“Current Account deficit is defined as the current account consists of the balance of trade, net primary income or factor income and net cash transfers, that have taken place over a given period of time.”

The reason why current account deficit widened is that the growth led to a trend of importing goods for consumption needs while our exports didn’t increase to compensate for the increase in imports. Thus, the deficit-financed growth under Rajiv Gandhi induced a major problem for India which always maintains a twin-deficit; which is a simultaneous fiscal and current account deficit.

This experiment of deficit financing of growth ultimately led to the balance of payment crisis in 1991 when India finally decided to open its economy and get rid of the rigid state control over economic activity. The point, however, remains that anytime a government follows a populist fiscal policy it is bound to have some repercussions and a prolonged fiscal expansion is bound to result in deterioration of macroeconomic fundamentals for a nation which can swiftly escalate and become a full-blown economic or financial crisis.

Despite the experience of the unstable nature of growth in the 1980s and from 2009-2011, the recent populist policies of the Congress indicate two things; it’s an unwillingness to learn from past economic mistakes and secondly the lack of a sound policy agenda to resolve some of the long-standing issues of Indian farmers.

While farm loan waivers result in great photo ops, but they do little to resolve the problem at hand. In fact, they only further complicate the situation further as they drain out potential resources which could have been allocated for rural infrastructural development. With adequate evidence of farm loan waivers being rendered as an ineffective measure to stabilize farm incomes, the fascination for them is largely due to the political rewards that such measures deliver.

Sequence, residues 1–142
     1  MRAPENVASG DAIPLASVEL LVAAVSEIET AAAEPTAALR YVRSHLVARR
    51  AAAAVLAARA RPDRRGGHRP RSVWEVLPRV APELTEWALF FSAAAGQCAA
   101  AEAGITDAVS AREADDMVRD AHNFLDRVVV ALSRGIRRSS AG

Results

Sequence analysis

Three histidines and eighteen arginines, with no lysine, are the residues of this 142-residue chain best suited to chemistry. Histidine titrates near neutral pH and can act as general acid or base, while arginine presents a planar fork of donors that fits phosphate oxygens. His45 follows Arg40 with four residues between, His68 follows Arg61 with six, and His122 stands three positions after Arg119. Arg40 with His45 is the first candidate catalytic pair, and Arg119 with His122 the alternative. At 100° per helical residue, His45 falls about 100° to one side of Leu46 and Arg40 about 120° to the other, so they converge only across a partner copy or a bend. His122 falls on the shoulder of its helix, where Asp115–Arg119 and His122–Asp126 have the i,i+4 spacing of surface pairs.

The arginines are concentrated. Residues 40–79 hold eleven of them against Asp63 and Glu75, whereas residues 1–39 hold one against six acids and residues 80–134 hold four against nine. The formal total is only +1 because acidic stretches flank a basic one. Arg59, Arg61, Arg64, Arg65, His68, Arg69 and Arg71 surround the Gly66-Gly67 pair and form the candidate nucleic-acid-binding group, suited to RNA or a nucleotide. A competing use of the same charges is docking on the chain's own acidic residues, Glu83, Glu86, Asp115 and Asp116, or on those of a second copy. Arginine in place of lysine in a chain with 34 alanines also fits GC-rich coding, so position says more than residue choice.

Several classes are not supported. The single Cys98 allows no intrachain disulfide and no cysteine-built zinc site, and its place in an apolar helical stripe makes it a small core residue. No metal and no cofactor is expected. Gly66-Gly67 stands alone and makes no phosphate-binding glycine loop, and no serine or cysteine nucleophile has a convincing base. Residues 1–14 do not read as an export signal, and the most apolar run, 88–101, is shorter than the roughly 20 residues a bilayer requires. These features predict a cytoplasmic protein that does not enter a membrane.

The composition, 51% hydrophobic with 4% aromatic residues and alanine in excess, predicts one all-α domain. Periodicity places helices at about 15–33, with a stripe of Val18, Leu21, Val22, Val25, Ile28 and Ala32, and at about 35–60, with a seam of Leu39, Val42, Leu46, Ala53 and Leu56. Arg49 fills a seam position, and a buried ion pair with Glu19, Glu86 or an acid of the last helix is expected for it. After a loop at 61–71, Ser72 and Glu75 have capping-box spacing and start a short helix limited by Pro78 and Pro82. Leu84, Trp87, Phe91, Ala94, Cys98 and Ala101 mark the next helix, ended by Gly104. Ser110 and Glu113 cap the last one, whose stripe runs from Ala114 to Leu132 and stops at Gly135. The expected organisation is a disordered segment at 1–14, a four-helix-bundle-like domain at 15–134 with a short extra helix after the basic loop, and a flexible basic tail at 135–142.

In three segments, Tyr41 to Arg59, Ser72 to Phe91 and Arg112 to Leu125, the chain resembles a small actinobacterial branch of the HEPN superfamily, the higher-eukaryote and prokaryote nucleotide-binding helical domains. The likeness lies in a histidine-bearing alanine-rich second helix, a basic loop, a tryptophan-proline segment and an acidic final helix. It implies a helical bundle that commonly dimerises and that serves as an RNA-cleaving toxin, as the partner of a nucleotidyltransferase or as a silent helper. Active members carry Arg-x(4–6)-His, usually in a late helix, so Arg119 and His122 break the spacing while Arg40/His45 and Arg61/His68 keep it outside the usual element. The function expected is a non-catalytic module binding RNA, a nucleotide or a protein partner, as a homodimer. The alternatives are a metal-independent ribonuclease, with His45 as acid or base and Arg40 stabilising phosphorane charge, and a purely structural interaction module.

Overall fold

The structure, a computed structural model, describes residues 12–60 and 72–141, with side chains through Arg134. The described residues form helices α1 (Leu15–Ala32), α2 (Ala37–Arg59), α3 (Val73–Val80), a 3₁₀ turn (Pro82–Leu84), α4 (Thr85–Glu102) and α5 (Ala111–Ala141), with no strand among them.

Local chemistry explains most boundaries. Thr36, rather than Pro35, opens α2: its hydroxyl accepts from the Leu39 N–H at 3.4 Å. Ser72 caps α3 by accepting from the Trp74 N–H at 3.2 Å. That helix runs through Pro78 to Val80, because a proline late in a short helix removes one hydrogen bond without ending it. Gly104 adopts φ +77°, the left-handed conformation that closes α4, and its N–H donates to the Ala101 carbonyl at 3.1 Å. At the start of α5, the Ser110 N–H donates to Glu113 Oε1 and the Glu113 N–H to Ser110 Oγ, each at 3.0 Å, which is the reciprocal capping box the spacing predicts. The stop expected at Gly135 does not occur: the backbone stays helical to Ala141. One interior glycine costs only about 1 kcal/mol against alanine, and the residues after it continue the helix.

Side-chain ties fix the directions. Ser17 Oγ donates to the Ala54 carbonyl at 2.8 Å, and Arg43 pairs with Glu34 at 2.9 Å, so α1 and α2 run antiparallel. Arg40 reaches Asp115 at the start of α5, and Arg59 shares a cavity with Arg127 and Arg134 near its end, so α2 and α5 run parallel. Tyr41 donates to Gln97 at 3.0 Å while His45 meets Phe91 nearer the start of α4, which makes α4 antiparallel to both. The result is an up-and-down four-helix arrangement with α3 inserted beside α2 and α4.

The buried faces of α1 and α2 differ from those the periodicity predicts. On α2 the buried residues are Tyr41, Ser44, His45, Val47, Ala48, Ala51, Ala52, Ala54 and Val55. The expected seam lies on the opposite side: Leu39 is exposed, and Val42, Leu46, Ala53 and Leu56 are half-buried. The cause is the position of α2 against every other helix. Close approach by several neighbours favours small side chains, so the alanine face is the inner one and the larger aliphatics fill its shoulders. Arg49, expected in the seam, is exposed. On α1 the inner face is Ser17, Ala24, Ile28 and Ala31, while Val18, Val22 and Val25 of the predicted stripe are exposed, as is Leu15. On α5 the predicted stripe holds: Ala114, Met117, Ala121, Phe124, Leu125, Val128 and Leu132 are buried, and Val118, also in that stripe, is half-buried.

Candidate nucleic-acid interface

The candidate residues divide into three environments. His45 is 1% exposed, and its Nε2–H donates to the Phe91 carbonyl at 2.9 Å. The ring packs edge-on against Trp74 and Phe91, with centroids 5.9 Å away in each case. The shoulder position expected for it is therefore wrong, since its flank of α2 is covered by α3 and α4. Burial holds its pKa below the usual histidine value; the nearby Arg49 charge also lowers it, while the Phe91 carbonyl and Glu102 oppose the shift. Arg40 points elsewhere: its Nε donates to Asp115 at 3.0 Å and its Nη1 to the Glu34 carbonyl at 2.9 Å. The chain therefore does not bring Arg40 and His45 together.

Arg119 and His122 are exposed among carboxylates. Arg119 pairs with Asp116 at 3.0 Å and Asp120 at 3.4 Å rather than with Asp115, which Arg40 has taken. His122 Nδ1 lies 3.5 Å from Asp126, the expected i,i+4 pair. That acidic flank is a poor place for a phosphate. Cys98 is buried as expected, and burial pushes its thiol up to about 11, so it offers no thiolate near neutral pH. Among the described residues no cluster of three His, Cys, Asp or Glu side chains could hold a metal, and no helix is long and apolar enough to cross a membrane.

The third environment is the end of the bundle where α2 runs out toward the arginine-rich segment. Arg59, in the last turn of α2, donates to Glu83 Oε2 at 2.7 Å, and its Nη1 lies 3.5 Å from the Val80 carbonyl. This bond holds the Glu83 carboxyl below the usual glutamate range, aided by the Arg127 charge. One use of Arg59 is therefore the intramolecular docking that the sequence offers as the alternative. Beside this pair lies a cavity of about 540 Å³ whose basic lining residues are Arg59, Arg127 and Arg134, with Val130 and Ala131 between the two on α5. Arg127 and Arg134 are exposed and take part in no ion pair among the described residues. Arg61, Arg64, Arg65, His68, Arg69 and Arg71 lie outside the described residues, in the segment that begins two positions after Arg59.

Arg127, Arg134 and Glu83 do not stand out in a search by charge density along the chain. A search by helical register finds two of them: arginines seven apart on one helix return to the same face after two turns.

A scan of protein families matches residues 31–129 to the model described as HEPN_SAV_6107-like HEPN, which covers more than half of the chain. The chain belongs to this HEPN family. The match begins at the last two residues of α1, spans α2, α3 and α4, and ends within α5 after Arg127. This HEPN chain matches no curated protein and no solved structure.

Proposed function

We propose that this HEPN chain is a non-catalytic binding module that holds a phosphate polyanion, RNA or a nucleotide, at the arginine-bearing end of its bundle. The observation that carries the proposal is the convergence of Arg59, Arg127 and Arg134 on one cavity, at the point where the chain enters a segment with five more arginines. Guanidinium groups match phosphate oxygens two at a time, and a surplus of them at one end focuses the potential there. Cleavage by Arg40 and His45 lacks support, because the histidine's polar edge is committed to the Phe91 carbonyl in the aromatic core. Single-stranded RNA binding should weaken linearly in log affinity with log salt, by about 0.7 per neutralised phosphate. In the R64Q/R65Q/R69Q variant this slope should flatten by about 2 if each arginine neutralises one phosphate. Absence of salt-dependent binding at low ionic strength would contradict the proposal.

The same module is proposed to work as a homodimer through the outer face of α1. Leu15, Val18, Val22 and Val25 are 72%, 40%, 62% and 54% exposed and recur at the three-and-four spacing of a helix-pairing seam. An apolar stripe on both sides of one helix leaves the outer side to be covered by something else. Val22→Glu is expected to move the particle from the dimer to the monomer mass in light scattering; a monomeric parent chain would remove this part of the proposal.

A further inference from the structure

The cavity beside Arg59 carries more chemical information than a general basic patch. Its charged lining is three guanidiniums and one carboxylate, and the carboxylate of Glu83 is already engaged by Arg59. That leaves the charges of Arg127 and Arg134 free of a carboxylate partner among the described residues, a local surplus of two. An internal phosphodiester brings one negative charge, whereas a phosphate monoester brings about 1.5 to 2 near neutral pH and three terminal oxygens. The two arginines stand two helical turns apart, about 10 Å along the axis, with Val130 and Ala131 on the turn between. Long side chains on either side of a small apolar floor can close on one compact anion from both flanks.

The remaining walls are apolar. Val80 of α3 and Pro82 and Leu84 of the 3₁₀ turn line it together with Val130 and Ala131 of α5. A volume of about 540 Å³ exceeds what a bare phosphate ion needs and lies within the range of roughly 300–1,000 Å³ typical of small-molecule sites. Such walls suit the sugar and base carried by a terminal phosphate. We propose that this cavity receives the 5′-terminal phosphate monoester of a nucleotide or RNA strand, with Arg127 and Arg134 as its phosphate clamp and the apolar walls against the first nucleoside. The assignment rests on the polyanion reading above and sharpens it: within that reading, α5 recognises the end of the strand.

Indeed, populist policies do give handsome political returns, but these returns are not only small but also extremely short-term while the costs of such policies are huge and tend to show in the medium to long-term. The crisis of 1991 and high inflation from 2011-2014 is evidence of the costs that these policies induce upon the citizens and the economy so it’d be wise to advise the Congress to learn from its past mistakes and put the economic interests ahead of its political interest. At the same time, it is important that voters realize that there are no free lunches and it is ultimately the voter who ends up paying for such reckless spending by political parties. It is about time that we learn from the past and stops rewarding bad economic policymaking politically as for only then will the good economic policy be the norm and not an exception.

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Karan Bhasin
Karan Bhasin is a political economist by training and has diversified research interests in the field of economics. He tweets @karanbhasin95.